After Sale, imagine a healthy David Price! Yes, Drew Pomeranz has been fantastic this season, as good as anyone could’ve hoped, and he’d be fine starting game two, but he’s no healthy David Price, and neither is Rick Porcello or Eduardo Rodriguez. I said at the beginning of the season that David Price’s regular season almost didn’t matter. What mattered is how he pitches when the playoffs come around. His latest arm ailment throws that into question but if Price can get healthy enough to be the Red Sox number two starter, Boston can get three Sale/Price starts in a five game series and five in a seven game series. In other words, the only way the Red Sox lose a playoff round is if someone beats either Sale or Price. While you’re thinking how beatable Price is, remember we’re talking about a pitcher who put up a 2.52 ERA in July while striking out 25 percent of hitters and walking just 6.5 percent. That’s a heck of a number two. Cleveland’s starting staff can’t compete with that and neither can Houston’s, and that’s before we’ve even discussed what Eduardo Rodriguez or Drew Pomeranz can do.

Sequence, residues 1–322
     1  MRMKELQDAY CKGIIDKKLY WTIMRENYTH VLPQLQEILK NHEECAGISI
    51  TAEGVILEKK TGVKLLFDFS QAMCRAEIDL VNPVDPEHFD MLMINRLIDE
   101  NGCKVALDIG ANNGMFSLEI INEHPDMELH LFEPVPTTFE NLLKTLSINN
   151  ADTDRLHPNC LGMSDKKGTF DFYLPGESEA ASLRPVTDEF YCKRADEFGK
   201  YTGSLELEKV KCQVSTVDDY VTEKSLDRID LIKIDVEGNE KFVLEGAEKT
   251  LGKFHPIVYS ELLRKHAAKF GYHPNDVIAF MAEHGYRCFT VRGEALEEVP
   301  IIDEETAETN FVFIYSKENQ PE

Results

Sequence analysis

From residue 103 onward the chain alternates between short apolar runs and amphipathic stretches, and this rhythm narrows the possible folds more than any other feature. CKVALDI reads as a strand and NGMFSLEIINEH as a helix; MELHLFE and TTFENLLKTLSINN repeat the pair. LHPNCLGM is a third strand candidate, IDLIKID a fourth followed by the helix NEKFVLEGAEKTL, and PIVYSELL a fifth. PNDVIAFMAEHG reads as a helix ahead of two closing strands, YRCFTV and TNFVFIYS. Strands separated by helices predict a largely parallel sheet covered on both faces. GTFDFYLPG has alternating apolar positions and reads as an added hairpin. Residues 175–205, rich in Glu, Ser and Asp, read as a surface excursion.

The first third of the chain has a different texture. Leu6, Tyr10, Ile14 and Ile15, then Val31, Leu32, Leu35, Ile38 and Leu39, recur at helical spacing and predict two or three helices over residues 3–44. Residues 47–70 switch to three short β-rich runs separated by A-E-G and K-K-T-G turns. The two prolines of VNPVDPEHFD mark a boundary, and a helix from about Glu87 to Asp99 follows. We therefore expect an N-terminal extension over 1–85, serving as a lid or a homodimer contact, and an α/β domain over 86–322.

The main competition for the Red Sox in the AL this season comes from the Indians, Astros, and Yankees. You could argue that the Red Sox advantage in starting pitching isn’t so big because the Indians have Corey Kluber and Carlos Carrasco (and they do), while the Astros have Dallas Keuchel and Lance McCullers (and they do). Except neither first starter is in the same league as Chris Sale (though Kluber isn’t far off), and neither second starter is nearly as good as a healthy David Price. If Price comes back healthy, he represents a huge advantage for the Red Sox in the post-season.

The same could also be said of Craig Kimbrel. We’ve all seen the impact relievers can have in the post-season, and with Kimbrel authoring one of the best reliever seasons we’ve seen in Boston in a long time, the opportunity for him to have an out-sized impact on the Red Sox’s postseason fortunes exists. The fact that manager John Farrell has occasionally been willing to use Kimbrel for longer outings and earlier in games when the leverage is higher during the regular season, and that bodes well for the same strong usage patterns in the playoffs. The fact that the Red Sox bullpen has been so good this season doesn’t hurt either, as they are equipped to cover for Kimbrel in the ninth should he be needed earlier in the game.